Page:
By choosing the ideal roof based on these and other factors, you’ll ensure maximum roof performance. This will also help save money on repairs and roof replacements down the road.

Most types of flat roofing can provide 10 to 20 years of leak-free performance when properly maintained. So, in addition to choosing the optimal roof covering, it’s also important to have a maintenance plan in place to keep it performing in tip-top shape. It’s not difficult to maintain a flat roof, and primarily involves just keeping it clear from tree debris, heavy snow, and standing water.
 

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Cost of Flat Roofing

The factors influencing the total cost of installing a new flat roof include the type, amount, complexity of the roof, geographic location and number of layers to be torn off the existing roof. Here’s a quick guide showing the average price per square foot for materials and installation of various types of flat roofing.

Flat Roofing Costs by Type
Type of Flat Roofing Cost per Square Foot
(Materials & Installation)
Built-up Roofing (BUR) $2.70 - $4.70
EPDM & TPO $2.10 - $3.20
SPF $0.85 - $1.26
Modified Bitumen (MB) $1.10 - $1.80
Standing Seam Metal Paneling $6.75 - $9.60
NOTE: This pricing guide is a rough estimate only. The exact cost of your flat roofing project can vary significantly based on the factors mentioned above. Contact a local roofing contractor in your area for an accurate quote.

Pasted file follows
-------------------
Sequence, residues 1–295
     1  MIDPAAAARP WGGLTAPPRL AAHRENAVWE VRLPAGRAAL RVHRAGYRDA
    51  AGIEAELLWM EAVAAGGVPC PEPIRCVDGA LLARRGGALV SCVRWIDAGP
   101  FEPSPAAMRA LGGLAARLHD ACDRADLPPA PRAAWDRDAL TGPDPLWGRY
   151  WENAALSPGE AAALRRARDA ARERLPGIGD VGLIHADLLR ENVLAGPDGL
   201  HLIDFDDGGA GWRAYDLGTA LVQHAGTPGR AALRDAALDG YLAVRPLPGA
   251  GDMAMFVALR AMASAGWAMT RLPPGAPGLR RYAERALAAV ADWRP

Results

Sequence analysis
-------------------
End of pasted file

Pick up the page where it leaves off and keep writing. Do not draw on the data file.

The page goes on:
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Flat Roof Repairs

Flat roofing takes a beating compared to steep-sloped roofs. Why? Because rainwater, snow, hail, and tree debris doesn’t slide off the roof.

A flat roof takes the full brunt of what weather has to offer. Standing water is a major concern on flat roofs, and it’s something that should be addressed right away when noticed.

Flat roof repairs on EPDM, TPO, and PVC membrane roofs are relatively easy and inexpensive. An experienced flat roof repair contractor can apply watertight patching to EPDM roofs. TPO/PVC roof cracks and small punctures may be able to be heat welded to repair the damage.

A poorly installed flat roof is prone to leaking caused by water ponding, cracking, and blistering. Flat roof leaks are repairable when detected early. Small cracks, standing water, and blisters should be repaired immediately to prevent major leaks and damage to the roof’s substructure.

Basic roof maintenance can help avoid roof repairs altogether. Keep the roof clean of heavy snow, tree limbs, pine needles, bird droppings, and standing water. Follow the roofing contractor’s recommended maintenance plan to maximize the life of the roof.

LEARN MORE: Residential Flat Roof Repair


Hiring a Flat Roof Contractor

At Hometown, we pride ourselves on making it simple to find a flat roof contractor specializing in residential installations, repairs, or replacements. We verify roofing contractor credentials, like licenses and insurance. Hometown also gathers real reviews from verified customers, so you can ensure they meet high standards regarding customer service and quality workmanship.

Depending on the size and cost of the job, it's often best to contact more than one roofing contractor before hiring. Getting multiple roofing estimates isn't typically necessary for small repairs, but it makes sense for complete replacements. Not only can you ensure you're getting a fair price, but you can get a second (or third) opinion on which type of flat roofing would work best for your specific project.